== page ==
As a data engineer, I have written one application over and over. A tool to parse complex text that stores it in an optimized format.
These read/write functions live at opposite ends in a singe data processing application where a large number of computing functions are coordinated in the middle. Turns out this is exactly what Cascading is, a framework for reading and writing data while performing various processing and computations in between.
But there are a couple challenges with this sort of application.
First, it is a monolith. As a monolith, a single failure stops the whole process, typically forcing all upstream work to be recomputed on a retry after resolving any issues if they aren’t simply transient ones.
Second, the application may start out as a simple pipeline, but the application quickly becomes a DAG of individual flows. Cascading has a Cascade topological scheduler for just this purpose. Often a large complex flow is broken down into smaller flows to reduce the monolith effects.
This is not just refactoring, but an attempt to mitigate the needs of various stakeholders, the application grew in complexity because of increasing requirements and scope. This single application, running a static dag of various flows, then becomes a blocker for developers and stakeholders.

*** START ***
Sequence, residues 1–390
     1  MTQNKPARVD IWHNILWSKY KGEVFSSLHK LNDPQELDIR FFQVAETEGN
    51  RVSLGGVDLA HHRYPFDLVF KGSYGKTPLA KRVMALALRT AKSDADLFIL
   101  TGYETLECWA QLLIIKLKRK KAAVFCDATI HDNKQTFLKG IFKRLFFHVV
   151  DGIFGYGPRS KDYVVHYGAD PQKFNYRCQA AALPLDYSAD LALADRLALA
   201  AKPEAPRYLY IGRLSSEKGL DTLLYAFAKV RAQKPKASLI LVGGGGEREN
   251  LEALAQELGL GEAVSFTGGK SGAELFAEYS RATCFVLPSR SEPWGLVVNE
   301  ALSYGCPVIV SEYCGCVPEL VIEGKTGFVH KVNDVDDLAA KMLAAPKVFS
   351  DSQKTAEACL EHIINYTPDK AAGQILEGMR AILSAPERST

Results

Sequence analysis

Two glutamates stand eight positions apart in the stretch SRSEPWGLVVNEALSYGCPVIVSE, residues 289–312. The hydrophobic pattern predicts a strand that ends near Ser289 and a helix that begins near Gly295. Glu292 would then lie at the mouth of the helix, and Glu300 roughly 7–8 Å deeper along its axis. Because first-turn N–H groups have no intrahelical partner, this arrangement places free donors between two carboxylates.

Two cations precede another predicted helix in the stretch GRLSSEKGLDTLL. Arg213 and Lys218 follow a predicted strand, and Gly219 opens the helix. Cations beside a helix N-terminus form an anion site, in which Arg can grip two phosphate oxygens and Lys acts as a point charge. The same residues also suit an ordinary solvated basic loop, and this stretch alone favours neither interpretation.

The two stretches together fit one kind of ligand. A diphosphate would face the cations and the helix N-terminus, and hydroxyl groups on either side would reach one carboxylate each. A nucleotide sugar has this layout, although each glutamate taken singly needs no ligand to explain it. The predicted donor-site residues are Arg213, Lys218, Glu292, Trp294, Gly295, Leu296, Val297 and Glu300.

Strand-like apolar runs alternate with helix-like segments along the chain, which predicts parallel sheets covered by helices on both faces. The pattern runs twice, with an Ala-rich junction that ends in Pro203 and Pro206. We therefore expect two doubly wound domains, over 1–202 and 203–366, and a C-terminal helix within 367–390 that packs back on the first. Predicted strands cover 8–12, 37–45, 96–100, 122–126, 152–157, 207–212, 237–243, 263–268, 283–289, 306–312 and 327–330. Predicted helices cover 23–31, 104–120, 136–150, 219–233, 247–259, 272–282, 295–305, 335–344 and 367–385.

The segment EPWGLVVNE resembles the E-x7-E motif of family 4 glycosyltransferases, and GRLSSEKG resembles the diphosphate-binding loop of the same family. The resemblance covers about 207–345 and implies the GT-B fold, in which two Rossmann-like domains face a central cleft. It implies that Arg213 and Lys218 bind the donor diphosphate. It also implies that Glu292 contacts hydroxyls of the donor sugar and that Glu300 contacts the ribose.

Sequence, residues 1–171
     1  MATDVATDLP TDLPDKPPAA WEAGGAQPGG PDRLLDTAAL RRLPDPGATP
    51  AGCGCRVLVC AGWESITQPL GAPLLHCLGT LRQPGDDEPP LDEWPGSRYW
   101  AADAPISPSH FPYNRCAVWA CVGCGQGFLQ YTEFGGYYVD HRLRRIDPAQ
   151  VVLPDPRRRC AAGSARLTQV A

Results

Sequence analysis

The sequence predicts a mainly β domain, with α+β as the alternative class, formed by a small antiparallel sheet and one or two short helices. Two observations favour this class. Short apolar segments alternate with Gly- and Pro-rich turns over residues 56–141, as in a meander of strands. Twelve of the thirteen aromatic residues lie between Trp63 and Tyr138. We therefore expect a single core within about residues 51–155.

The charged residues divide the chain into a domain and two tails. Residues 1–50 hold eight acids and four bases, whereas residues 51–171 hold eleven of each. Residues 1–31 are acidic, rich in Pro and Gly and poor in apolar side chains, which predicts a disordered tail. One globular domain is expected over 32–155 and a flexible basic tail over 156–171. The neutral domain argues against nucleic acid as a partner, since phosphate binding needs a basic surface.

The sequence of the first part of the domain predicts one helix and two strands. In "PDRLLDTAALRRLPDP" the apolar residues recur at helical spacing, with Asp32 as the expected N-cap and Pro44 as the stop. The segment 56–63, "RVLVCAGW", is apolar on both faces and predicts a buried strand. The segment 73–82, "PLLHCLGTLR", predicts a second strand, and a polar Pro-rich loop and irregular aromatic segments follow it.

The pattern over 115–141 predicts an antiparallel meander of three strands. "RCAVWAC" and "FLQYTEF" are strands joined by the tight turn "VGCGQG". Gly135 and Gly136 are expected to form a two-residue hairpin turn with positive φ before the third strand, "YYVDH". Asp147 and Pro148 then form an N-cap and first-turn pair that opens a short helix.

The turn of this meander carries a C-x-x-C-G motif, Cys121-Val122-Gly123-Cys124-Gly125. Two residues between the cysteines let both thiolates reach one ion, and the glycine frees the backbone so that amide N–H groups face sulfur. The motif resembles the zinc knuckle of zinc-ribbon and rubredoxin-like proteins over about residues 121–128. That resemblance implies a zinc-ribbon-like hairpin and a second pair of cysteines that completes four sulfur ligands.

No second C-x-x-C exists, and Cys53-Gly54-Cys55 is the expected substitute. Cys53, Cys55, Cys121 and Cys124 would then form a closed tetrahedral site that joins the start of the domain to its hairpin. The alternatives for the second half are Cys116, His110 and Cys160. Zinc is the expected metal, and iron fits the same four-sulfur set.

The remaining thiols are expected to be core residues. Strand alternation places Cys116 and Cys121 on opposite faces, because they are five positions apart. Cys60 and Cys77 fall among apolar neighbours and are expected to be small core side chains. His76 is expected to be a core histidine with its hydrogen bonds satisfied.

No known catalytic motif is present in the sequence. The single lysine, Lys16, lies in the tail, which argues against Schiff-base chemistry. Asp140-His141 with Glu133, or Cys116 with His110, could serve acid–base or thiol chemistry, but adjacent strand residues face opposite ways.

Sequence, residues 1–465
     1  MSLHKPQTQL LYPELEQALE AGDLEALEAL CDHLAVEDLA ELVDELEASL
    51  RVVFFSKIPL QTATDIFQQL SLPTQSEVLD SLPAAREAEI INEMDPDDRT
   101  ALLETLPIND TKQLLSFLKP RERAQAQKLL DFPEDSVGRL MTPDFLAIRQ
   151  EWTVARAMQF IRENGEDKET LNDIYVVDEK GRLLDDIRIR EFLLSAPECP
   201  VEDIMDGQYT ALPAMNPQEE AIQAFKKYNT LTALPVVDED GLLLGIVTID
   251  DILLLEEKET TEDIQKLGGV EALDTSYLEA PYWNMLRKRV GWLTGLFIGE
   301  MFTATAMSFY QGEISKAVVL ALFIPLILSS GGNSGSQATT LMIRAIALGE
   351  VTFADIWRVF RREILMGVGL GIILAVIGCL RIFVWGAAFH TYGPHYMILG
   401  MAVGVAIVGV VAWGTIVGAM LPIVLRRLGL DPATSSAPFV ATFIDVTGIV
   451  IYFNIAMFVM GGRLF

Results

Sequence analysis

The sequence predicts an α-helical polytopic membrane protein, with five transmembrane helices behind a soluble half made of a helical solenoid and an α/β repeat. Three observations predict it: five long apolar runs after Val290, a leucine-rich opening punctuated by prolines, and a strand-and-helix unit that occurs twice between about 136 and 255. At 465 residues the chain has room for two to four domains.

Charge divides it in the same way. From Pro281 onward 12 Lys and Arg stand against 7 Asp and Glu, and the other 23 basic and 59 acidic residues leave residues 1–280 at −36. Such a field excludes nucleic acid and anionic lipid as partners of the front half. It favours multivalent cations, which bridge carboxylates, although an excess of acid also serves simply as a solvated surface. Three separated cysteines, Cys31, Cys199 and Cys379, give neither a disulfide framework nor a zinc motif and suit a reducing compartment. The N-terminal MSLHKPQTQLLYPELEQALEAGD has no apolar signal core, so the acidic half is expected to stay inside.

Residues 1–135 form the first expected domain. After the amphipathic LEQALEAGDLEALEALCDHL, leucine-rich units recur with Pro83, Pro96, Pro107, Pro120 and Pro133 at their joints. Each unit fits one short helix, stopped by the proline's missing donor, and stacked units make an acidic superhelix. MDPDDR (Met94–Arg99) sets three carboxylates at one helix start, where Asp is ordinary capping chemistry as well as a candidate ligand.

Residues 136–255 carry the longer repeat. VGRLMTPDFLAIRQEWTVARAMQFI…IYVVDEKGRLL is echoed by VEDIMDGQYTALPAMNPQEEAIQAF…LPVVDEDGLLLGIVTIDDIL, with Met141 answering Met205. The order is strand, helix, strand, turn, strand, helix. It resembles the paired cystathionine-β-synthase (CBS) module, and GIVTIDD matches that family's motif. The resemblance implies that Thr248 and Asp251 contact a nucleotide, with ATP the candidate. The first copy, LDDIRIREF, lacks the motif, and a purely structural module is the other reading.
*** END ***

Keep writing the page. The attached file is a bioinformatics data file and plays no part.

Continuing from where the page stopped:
Tessellate is a (local mode) Cascading application that primarily reads and writes data. Most commonly, read text based csv or JSON data, and write out binary Apache Parquet files.
Turns out, many failures happen at the read and write stages, and these are easily tested before deployment, or are transient in nature and simply resolved with a retry.
So the idea behind Tessellate is to get data into a clean, schematized, and both optimal format and layout for downstream stakeholders. Isolate this part of the pipeline from the business part, because there isn’t just one business part, there isn’t just one stakeholder for a dataset. Let them solve their problems independently.
Tessellate was designed to work with the Clusterless framework.